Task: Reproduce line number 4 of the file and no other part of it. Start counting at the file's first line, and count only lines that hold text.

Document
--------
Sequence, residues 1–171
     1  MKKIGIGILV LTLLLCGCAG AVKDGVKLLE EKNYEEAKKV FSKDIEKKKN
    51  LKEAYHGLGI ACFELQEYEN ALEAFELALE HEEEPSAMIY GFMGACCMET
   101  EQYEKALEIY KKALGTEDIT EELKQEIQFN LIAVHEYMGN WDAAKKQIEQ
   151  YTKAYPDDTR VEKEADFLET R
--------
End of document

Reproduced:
   101  EQYEKALEIY KKALGTEDIT EELKQEIQFN LIAVHEYMGN WDAAKKQIEQ